He added that under the bill health coverage costs could increase for many elderly and poor persons “because of decreased levels of tax credit support and higher premiums.” And, the bishop said, the bill, like its House counterpart, lacked conscience protections. He warned that the pro-life language in the bill was laudable, but echoed concerns of other pro-lifers that the language could be stripped by the Senate Parliamentarian before it reached the Senate Floor.

The revised Senate bill contained some slight improvements like more funding to fight opioid addiction, “but more is needed to honor our moral obligation to our brothers and sisters living in poverty and to ensure that essential protections for the unborn remain in the bill,” he said last Thursday.

This week, however, the Senate bill was scuttled. Yet amid the uncertainty of what the senators may vote on next week, “the appropriate response is not to create greater uncertainty, especially for those who can bear it least, by repealing the ACA without a replacement,” Bishop Dewane said.

On Friday, Pence urged Americans to ask their senator to vote to begin the debate to repeal and replace the ACA on Tuesday. Susan B. Anthony List, meanwhile, said the Senate should work to ensure a bill is passed which defunds Planned Parenthood and protects taxpayer funding from going to abortion coverage in federally-subsidized plans.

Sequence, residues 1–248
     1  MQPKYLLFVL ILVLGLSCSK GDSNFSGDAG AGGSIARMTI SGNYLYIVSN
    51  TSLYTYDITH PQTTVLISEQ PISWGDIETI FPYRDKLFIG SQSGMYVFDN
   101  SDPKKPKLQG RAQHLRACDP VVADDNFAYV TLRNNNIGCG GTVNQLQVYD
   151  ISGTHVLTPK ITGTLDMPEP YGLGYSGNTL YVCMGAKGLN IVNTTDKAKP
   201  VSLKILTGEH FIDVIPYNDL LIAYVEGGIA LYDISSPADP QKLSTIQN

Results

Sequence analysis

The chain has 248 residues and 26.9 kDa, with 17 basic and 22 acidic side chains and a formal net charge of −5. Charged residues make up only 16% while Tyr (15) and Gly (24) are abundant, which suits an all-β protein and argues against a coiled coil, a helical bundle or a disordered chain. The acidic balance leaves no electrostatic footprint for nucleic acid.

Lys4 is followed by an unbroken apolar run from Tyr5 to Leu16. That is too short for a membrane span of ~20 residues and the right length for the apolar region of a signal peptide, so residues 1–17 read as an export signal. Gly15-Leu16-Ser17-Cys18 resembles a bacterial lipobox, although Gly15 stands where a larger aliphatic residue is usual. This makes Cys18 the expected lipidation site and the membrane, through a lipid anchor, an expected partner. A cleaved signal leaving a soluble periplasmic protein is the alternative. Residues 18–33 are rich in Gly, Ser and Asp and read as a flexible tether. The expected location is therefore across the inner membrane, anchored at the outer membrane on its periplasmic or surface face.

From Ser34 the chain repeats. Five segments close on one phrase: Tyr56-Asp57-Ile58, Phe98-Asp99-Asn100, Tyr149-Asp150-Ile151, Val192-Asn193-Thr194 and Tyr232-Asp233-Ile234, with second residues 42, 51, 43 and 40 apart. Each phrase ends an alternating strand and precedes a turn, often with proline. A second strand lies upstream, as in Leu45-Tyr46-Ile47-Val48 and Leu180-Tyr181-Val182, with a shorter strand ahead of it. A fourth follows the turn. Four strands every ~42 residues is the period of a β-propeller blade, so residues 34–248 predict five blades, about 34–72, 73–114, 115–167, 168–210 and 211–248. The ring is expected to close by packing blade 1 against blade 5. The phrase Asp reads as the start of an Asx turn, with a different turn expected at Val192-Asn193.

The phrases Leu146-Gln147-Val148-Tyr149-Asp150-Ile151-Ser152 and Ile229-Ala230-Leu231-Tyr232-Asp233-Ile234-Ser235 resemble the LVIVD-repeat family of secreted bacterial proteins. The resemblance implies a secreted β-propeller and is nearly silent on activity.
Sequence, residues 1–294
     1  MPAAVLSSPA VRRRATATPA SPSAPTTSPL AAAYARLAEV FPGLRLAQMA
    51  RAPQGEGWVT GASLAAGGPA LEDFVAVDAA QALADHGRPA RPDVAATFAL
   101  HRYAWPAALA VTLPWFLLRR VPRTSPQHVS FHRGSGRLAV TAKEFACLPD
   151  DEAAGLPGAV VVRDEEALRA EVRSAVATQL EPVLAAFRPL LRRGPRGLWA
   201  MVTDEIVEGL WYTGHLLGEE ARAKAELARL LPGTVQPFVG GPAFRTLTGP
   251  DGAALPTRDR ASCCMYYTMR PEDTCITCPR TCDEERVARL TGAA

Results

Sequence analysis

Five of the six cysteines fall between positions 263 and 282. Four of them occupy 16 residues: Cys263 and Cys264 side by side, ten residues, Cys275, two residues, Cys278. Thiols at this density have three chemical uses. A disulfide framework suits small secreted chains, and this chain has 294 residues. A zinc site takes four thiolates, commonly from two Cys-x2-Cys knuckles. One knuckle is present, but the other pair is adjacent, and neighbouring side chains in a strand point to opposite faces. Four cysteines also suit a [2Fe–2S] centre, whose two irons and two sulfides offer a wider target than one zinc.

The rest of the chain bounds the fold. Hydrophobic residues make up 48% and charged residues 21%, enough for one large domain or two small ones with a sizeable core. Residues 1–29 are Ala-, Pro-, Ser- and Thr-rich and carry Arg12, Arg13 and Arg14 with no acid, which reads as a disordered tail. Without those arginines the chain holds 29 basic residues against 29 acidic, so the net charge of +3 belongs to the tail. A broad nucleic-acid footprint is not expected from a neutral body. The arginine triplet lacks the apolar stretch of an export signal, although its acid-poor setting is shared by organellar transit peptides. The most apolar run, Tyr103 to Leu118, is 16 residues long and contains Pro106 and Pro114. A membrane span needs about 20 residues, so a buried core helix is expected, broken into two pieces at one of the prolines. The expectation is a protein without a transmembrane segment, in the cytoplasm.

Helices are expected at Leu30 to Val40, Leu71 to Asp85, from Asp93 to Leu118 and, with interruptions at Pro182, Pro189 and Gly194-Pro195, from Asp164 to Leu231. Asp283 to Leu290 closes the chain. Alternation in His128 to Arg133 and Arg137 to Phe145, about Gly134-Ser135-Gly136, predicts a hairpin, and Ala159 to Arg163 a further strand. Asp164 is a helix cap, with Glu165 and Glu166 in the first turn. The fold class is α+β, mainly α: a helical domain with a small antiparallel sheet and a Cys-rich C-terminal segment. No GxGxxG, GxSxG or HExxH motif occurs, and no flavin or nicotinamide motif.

“The first step is voting for the motion to proceed to the House-passed bill which replaces Obamacare abortion funding with health assistance that does not include abortion coverage and redirects funding for certain abortion providers to noncontroversial community health centers,” the group’s president Marjorie Dannenfelser said in a July 20 letter to senators.

“While the House bill faces procedural hurdles, we support passage of a substitute amendment that is substantially similar to the Obamacare repeal bill sent to President Obama in January 2016,” she added. “Obamacare has been a disaster for unborn children through its unprecedented expansion of taxpayer-funded abortion,” Dannenfelser said. “The 2015 reconciliation bill that was sent to President Obama’s desk or the Better Care Reconciliation Act would roll back this damage and help return us to the principle that abortion is not health care.”

Could a California bill make Catholic conduct codes illegal?

Sacramento, Calif., Jul 21, 2017 / 12:02 pm (CNA/EWTN News).- Pro-abortion groups are lobbying for a California law that Catholic leaders warn would open employers like Catholic schools to lawsuits for asking teachers to follow their codes of conduct. “The bill unmistakably targets religious organization employers in the state, and goes further, inviting expensive litigation that could take years to sort out,” the California Catholic Conference said July 14, adding that it “sets a dangerous precedent for religious employers.”